Pre- and Post-operation Info
Here are a few things to keep in mind before your operation:
- Please make arrangements to have a responsible adult with you for 24 hours following your surgery. You will need to arrange for someone to drive you home from the surgery center/hospital, you are not allowed to take a taxi.
- Plan to take adequate time off from work following your surgery. Rest and elevation are essential for good healing. If you have young children at home, arrange for additional help to care for them.
- Stop over-the-counter anti-inflammatory medicines 7 days prior to surgery. This includes Motrin, Advil, Ibuprofen, Aspirin, Aleve and Naproxen. Most prescription arthritis medicine also needs to be stopped, please check with the doctor. Do not stop your regular prescription medications unless instructed to do so by the doctor or anesthesiologist. Blood thinners (Coumadin, Warfarin, Plavix, Aspirin) need to be stopped 4 days prior to surgery, please check with the ordering doctor.
- Several vitamin and herbal supplements can affect the outcome of your surgery. We recommend that you stop these at least two weeks prior to surgery. Bilberry, Cayenne, Dong Quai, Echinacea, Feverfew, Fish Oil, Garlic, Ginger, Ginkgo Biloba, Ginseng, Hawthorne, Kava Kava, Licorice Root, Ma Haung, Red Clover, St. John's Wort, Valerian, Vitamin E, Yohimbe.
- Diet drugs such as Meridia, Phentermine, Tenuate, and any weight control supplements containing Ephedra must be stopped at least two weeks prior to surgery. These can cause dangerous elevation of blood pressure and heart rate.
- You will need crutches or a walker for ambulation after your surgery. These are available for purchase through the office, or may be rented from a medical supply company.
- Do not eat or drink after midnight the night before your surgery unless otherwise instructed by the physician.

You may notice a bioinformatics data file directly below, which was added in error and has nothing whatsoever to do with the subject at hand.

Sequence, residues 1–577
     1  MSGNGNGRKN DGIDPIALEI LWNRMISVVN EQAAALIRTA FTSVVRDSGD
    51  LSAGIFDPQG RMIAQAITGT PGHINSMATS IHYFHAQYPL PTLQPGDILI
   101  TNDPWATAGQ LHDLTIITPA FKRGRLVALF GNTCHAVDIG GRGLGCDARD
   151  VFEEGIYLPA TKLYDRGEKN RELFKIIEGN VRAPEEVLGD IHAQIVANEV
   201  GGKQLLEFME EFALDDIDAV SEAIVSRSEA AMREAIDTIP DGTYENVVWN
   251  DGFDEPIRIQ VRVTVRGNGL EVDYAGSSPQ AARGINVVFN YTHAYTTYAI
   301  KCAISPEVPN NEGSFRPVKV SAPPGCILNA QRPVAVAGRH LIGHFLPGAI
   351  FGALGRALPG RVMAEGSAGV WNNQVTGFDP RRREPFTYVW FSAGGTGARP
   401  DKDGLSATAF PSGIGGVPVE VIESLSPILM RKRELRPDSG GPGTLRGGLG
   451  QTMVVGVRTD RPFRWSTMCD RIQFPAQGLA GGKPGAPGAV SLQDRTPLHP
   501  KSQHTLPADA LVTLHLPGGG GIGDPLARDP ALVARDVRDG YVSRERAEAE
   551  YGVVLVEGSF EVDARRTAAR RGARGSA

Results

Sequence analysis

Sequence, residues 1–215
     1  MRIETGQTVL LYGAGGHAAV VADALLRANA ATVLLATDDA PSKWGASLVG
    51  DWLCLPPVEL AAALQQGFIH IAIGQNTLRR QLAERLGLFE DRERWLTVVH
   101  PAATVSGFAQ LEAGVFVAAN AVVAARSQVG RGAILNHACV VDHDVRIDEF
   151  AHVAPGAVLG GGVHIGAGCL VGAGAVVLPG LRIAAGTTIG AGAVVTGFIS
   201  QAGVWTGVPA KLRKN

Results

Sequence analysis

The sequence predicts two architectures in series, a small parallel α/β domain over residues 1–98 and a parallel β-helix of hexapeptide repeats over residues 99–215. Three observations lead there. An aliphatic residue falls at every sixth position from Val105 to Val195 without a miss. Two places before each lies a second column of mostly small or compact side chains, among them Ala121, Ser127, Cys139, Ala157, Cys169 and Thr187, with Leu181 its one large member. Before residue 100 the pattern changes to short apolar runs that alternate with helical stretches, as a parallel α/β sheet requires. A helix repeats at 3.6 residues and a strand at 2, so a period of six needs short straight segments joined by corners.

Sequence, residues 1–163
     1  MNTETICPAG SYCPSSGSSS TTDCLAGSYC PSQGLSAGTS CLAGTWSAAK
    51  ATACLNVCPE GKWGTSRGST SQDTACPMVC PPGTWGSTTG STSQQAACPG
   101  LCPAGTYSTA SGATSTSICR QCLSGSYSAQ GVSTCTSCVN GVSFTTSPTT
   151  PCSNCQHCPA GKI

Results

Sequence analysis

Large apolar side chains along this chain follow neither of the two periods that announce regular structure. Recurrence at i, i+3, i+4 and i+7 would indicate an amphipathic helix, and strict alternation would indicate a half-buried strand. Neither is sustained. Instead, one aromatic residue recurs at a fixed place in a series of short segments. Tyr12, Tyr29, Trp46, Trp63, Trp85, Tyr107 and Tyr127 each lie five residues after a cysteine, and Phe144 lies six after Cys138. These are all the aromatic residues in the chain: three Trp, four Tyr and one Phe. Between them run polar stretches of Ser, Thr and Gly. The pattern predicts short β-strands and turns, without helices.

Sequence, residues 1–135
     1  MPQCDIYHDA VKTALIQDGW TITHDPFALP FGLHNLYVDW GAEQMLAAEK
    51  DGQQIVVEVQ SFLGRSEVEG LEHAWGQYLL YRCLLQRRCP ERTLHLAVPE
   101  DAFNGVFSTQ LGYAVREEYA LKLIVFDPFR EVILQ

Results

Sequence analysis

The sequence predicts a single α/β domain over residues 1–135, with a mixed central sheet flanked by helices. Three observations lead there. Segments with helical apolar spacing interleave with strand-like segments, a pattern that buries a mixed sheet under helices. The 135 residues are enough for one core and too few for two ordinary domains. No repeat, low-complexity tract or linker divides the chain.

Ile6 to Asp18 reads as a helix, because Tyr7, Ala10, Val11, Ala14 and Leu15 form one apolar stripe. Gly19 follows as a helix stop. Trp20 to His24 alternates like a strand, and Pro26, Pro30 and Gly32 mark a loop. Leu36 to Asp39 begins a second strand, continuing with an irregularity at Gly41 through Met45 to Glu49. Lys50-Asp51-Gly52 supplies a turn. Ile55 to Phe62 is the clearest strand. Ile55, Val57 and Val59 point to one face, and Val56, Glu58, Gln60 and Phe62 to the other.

Here's what you should expect after your operation. Keep in mind, if sedation was given, you should not drive, operate heavy or complicated equipment, or make any legal decisions for at least 24 hours.
Following surgery every patient experiences pain. Our goal is to make sure your pain is well controlled. You will be given prescriptions for one or more medications. Please refer to the medication information sheet that was included in your packet. Common side effects include dizziness, sleepiness, night sweats, constipation, and nausea.Often eating prior to taking pain medicine will prevent nausea.
If a reaction occurs, stop taking the medication and call the office. If it is a serious reaction, report to your local emergency room. If you have a nerve block your foot will be numb for several hours. Sensation will return (and pain with it) in a few hours. Begin your pain medication BEFORE your block wears off and take it routinely for the first two to three days. DO NOT wait until you have pain to start your pain medicine.
Post-operation Medication Instructions:
- Oxycodone/Acetaminophen (Percocet), Demerol, or Dilaudid: This medication is given for the first 5 to 7 days after surgery for severe pain. It is very strong and potentially addictive. It is very effective for pain without a significant risk of addiction when used for a short time. This medication is NOT usually refilled because of the addictive potential. Take as directed on the label.
- Hydrocodone/Acetaminophen (Norco): This medication is taken after the course of the stronger medications listed above and is used for moderate pain. You will have a 1 to 2 week supply of these medications. This will generally be enough to get you through the most painful part of the postoperative period. Very occasionally these will be refilled but once again they have the potential to be addictive and refills are monitored by the pharmacy. Take as directed. Do NOT take Tylenol (Acetaminophen) while taking these medications.